Jazz with Bob Perkins

Monday through Thursday, 6 to 9 pm; Sunday 9 am to 1 pm

Lovingly known as “BP with the GM” (Bob Perkins with the Good Music), BP brings you that good music just in time for dinner during your work week, and keeps your Sunday brunch swinging. His selections are like a familiar hug from Jazz Land featuring your favorite standards and vocalists such as Sarah, Ella, and Nat, some Big Band legends including the Duke and the Count, and the giants of the instrumentals like Lee Morgan, Hank Crawford, Miles, and Coltrane. Take a listen to "Ol' BP" as he calls himself...you'll be back again and again.

Take a look at this photo album of Mr. Perkins through the years.

Scroll down to see recent playlists.

In 1963, Duke Ellington and his orchestra participated in a State Department "jazz diplomacy" tour of the Middle East. Inspired by the experience, Ellington and composer Billy Strayhorn wrote a collection of songs called The Far East Suite.

Brushes with fame may be commonplace for those who work in the public eye, but, as WRTI’s Maureen Malloy reports, Bob Perkins has never been too far from the famous, even in the most unlikely of places.

Bob Craig’s BIG BAND JAZZ Hits 300!

Oct 16, 2016

This Sunday at 7 pm on WRTI, celebrate the 300th broadcast of Big Band Jazz with Bob Craig. Bob launched Big Band Jazz on October 3rd, 2010, and has been delighting audiences with this rich music ever since.

WRTI’s Bob Perkins joined the all-jazz 2016 Philadelphia Music Alliance Walk of Fame class on October 19th. Five of the most outstanding jazz personalities had bronze plaques installed into the Walk of Fame, joining more than 100 others on Broad Street, the Avenue of the Arts. The Philadelphia Music Alliance announced that in the 30 years of these awards, there has never been an all-jazz class. Check out The Philadelphia Inquirer's October 14th bio of Bob Perkins!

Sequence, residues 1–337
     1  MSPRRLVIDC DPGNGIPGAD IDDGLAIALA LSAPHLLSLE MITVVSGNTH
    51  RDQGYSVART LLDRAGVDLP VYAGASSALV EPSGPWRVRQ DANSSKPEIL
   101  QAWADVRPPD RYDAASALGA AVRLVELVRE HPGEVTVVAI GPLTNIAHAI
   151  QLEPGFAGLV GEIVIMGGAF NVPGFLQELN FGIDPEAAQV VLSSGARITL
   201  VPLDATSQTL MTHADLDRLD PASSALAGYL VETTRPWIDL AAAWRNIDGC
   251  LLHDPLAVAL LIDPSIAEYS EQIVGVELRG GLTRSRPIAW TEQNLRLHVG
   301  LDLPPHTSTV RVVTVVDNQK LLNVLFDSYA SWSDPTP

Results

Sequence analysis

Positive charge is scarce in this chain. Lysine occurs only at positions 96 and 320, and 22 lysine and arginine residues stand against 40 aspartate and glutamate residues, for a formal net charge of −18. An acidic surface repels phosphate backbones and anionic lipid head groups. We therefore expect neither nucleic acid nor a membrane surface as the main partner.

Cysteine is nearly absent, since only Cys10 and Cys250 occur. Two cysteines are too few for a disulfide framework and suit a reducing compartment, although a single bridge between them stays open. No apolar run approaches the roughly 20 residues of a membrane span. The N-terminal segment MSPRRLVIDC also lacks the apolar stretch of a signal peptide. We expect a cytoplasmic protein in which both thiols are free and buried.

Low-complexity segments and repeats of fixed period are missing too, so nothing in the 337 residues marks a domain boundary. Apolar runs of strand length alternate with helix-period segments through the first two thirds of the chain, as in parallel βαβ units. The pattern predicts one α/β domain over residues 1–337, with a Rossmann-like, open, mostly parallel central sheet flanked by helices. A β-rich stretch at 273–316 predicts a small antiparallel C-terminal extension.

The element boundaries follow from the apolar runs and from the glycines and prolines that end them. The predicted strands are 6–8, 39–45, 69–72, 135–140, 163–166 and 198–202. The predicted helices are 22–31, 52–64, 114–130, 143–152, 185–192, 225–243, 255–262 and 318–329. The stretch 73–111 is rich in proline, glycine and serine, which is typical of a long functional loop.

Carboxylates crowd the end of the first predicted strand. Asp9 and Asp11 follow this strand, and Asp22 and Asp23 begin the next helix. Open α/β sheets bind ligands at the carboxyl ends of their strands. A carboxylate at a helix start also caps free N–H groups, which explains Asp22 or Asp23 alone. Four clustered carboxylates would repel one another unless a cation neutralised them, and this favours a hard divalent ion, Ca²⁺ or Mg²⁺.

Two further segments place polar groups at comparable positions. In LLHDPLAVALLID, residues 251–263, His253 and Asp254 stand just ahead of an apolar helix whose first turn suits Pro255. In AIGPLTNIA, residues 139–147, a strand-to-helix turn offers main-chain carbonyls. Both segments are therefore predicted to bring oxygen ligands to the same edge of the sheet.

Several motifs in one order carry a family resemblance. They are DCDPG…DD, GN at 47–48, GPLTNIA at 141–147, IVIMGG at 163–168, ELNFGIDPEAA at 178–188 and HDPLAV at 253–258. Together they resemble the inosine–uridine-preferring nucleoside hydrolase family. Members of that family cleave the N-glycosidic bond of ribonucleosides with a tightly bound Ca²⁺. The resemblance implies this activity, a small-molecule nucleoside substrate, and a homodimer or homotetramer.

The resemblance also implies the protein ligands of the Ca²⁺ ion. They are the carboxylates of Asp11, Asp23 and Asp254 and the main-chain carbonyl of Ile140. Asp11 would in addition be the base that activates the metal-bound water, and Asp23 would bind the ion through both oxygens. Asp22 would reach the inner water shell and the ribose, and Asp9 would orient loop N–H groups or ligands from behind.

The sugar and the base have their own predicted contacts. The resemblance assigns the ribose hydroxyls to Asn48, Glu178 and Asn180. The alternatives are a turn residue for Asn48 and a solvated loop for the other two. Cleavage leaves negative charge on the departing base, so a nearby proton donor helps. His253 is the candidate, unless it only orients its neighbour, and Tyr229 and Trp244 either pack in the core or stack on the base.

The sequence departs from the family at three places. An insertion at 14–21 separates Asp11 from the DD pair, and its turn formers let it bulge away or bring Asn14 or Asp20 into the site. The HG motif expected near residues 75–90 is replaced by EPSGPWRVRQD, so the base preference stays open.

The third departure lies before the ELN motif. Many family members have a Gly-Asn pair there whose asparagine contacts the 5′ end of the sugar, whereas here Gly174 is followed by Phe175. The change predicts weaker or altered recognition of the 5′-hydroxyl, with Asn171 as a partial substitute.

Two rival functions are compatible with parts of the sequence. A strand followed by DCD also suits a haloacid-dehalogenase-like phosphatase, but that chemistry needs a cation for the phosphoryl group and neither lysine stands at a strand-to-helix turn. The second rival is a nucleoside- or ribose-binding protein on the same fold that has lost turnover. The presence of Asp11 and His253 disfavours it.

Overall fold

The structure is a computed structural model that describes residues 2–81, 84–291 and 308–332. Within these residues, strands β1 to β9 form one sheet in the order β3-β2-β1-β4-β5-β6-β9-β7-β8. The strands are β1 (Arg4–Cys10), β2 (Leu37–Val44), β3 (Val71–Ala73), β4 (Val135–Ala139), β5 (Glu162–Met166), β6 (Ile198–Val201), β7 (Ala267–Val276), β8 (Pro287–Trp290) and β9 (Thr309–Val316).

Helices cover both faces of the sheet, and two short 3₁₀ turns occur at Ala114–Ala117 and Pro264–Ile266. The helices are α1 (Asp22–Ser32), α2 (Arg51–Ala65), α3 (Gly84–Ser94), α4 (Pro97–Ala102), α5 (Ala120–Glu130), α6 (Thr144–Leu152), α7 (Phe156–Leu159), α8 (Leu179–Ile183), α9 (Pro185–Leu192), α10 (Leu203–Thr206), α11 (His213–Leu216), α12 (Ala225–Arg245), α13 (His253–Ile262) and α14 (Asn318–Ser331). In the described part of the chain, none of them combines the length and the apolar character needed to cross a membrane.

What is Gypsy Jazz?

Oct 10, 2016

Rooted in African-American communities of the South, jazz became popular in Europe in the 1920s and '30s and influenced the development of other styles. WRTI's Susan Lewis has more on "Gypsy jazz."

A new book looks into the tunes that put the "roar" in "The Roaring Twenties." WRTI's Susan Lewis spoke with the author of Tunes of the Twenties and All That Jazz: The Stories Behind the Songs.

Two Englishmen, Guy Wood and Robert Mellin, slipped it into the Great American Songbook just before it closed, just as rock rolled over sophistication. It begins from below, a slowly twisting Roman candle of a tune, and explodes in the top range of the singer, as the eyes of onlookers reflect the glory of what songs once were.

Get the WRTI App!

Sep 21, 2016

Big news! You can now enjoy WRTI in a whole new way with the first-ever WRTI App! Download it today to listen to WRTI in the background while browsing the web or catching up on your emails. Your favorite radio station will always be with you—on your mobile phone or tablet—even when you're traveling!

Born in North Carolina in 1926, saxophone player and composer John Coltrane spent over a decade in Philadelphia and then moved to New York. WRTI's Susan Lewis considers the impact of Coltrane, who expanded the boundaries of jazz with a wide range of styles.

While jazz giant John Coltrane was born and raised in North Carolina, and died in New York, he spent 15 years in Philadelphia. WRTI’s Susan Lewis looks at the role the city played in the career of this master sax player and composer, who would have turned 90 this month.